Refer to photo 04, the other Podium 2 axle was not so fortunate. It was heavily rusted after 6 months of regular abuse under extreme riding condition.  The lube was totally gone. Possible explanation are: (1) faulty rubber seal which allow water to enter; (2) axle was not lubed properly in the factory; and (3) excessive used of Mucoff after ride. Further investigation shows that the rubber seal looks ok. Excessive use of Muc-off would have caused the same problem on the other pedal. My only conclusion is the factory may have forgotten to lub the axle during assembly.

(Photo 04: Rusted Podium 2 Axle)

Refer to Photo 05, removed the rust from the axle by using sand paper. Spray lubricant at the inner core of the platform to remove rust debris left over by the axle. Clean with cloth thoroughly. 

(Photo 05: Remove the Rust by Sanding)

Photo 06 illustrates the Podium 2 axle after the rust was removed by sand paper. Lube the axle thoroughly and remember to put the rubber seal over the axle. Ensure the rubber seal is positioned properly on the axle before inserting it into the platform. 

(Photo 6: Podium 2 Axle after Rust is Removed)

Refer to Photo 7, the bearing can be removed with proper tool kit. In this case, I rotated the bearing with my fingers to sense for abnormal vibration. Fortunately the bearing rotated smoothly. I simply clean away the dirt and lub the surface before inserting the axle. Screw the axle into the platform by using 4mm and 6mm allen keys.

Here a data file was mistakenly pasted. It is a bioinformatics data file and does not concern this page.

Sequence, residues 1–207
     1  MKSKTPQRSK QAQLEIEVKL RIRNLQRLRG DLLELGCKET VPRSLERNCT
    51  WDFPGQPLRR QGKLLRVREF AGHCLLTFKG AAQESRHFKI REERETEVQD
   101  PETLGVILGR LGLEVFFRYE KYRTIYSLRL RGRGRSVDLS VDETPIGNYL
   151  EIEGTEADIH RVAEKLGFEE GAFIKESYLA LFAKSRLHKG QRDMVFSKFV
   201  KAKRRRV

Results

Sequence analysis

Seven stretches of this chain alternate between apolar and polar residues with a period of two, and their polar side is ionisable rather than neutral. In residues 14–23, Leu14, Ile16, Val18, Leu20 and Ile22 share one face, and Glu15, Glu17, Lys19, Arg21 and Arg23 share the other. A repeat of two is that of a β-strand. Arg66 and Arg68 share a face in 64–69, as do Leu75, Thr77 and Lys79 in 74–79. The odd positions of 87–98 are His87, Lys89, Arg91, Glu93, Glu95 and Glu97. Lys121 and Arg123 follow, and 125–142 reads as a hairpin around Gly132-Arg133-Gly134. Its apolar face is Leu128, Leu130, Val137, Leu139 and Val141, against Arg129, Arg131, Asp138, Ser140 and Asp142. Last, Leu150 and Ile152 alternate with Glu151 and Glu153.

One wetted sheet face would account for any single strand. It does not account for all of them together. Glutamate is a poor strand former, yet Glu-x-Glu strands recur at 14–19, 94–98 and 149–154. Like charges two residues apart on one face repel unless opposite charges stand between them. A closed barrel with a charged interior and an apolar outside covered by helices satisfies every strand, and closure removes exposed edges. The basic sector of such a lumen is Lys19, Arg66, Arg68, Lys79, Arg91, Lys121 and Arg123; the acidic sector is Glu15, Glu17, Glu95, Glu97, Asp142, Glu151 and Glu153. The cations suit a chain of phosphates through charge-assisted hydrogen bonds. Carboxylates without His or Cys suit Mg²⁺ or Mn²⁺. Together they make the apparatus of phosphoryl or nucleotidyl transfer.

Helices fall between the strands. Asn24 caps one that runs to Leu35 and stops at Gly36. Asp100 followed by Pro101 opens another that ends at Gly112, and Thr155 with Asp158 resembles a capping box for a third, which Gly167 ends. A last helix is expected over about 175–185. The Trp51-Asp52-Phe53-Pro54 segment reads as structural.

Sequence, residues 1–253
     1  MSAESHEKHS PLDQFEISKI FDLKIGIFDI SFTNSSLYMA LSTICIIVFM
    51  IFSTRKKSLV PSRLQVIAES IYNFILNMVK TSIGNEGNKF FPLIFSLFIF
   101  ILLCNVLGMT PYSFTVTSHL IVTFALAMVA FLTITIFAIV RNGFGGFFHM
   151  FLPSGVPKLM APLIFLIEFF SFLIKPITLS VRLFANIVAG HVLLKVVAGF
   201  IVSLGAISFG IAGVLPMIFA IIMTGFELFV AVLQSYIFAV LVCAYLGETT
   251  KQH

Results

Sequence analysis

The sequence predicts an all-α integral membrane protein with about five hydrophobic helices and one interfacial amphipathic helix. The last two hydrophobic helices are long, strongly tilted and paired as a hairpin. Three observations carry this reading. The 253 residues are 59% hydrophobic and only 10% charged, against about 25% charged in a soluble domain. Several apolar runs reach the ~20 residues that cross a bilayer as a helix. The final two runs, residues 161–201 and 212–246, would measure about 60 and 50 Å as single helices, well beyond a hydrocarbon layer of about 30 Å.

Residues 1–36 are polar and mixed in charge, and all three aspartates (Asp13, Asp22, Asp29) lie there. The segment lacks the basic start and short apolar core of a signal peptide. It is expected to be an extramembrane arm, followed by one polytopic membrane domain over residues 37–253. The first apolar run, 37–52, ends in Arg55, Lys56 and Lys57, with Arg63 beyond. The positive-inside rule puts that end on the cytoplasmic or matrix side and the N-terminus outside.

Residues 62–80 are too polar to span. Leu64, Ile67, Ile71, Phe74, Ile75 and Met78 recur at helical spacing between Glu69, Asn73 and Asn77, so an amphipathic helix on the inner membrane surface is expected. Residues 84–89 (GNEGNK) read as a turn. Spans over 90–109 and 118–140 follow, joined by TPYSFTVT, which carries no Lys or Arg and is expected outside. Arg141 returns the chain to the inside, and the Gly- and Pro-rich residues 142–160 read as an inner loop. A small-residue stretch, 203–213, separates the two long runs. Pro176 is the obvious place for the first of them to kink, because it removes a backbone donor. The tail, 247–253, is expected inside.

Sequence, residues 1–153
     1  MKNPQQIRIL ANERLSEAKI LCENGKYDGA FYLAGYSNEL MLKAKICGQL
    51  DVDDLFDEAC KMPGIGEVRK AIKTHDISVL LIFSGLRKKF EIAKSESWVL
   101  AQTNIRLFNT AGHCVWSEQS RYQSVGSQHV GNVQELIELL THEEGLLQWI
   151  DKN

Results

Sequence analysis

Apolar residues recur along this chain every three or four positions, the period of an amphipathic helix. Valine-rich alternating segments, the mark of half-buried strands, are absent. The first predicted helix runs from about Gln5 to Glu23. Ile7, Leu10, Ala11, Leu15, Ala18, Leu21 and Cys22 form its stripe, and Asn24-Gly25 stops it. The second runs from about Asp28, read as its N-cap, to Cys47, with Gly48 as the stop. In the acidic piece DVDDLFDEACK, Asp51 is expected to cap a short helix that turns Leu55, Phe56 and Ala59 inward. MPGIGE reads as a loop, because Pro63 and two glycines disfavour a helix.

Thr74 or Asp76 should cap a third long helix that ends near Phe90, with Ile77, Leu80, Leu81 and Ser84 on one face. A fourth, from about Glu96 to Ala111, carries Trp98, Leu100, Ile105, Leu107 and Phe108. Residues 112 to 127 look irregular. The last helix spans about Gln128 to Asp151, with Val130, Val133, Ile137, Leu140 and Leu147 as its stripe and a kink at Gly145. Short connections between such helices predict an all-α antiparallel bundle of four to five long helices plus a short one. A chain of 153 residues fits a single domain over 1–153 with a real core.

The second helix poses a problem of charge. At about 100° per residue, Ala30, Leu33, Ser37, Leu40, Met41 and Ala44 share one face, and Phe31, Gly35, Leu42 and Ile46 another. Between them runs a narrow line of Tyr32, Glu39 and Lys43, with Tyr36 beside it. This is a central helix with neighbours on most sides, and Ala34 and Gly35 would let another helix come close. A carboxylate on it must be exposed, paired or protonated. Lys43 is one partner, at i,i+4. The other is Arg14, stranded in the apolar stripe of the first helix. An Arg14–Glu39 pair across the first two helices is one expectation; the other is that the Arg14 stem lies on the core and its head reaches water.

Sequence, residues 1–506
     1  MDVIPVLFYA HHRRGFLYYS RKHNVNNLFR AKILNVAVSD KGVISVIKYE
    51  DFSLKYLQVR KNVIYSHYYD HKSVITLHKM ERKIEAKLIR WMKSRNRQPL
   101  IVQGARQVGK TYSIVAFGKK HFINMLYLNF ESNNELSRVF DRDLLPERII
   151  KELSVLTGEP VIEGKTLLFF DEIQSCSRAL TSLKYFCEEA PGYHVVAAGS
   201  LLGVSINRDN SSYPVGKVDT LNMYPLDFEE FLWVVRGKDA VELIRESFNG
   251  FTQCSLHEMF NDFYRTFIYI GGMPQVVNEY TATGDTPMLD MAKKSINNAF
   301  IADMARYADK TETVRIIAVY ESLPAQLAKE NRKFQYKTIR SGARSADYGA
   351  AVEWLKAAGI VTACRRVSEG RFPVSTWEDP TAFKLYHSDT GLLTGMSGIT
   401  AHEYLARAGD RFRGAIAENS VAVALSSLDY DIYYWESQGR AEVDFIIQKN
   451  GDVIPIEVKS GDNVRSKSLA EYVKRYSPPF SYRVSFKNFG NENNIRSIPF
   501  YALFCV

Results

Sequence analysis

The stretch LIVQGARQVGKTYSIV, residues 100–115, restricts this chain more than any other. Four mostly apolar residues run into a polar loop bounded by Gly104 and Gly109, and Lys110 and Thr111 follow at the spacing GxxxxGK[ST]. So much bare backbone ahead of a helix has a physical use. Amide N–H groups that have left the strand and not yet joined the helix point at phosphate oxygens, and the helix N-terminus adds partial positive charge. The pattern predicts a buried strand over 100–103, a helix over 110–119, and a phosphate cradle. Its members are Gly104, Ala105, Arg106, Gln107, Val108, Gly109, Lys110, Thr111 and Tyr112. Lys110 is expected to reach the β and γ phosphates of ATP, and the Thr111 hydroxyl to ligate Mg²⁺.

(Photo 7: Podium 2 Pedal)

Lub and install the podium 2 pedals onto the crank. As good as new, no more squeaking sound. Good to go :)

(Photo 08: Point1 Podium2 Pedal)

Sunday, October 5, 2014

How to Adjust SRAM XX1 Rear Derailleur

The most common adjustment need to be done regularly for mountain bike is rear derailleur. Periodic maintenance and adjustment will enable our rides to be smooth and fault free. SRAM XX1 Rear Derailleur is designed for ease of maintenance and adjustment. All you need to remember are 4 adjustments:
(1) b-adjust screw - to adjust the space between pulley and socket (Photo 01)
(2) H-limit screw - to adjust the outer limit of the smallest socket (Photo 01)
(3) L-limit screw - to adjust the outer limit of the largest socket (Photo 01)
(4) Barrel adjuster - for fine tuning (Photo 02)

 (Photo 01: SRAM XX1 Rear Derailleur b-adjust screws)

(Photo 02: SRAM XX1 Barrel Adjuster)

(1) Adjust space between pulley and socket
Shift the chain to the largest socket. Refer to Photo 03 & 04, use a 3mm allen key to adjust the space between the pulley and socket to about 13mm. Too wide space will cause delay in shifting, whereas too near will cause harsh shifting. Play with the distance (12mm to 15mm) to identify the ideal space for your bike. If you are unsure, adjust to recommended 13mm spacing.

(Photo 03: SRAM XX1 b-Adjust Screw)

(Photo 04: Ideal Space Between Pulley and Socket = 13mm)

(2) Adjust outer limit of the largest socket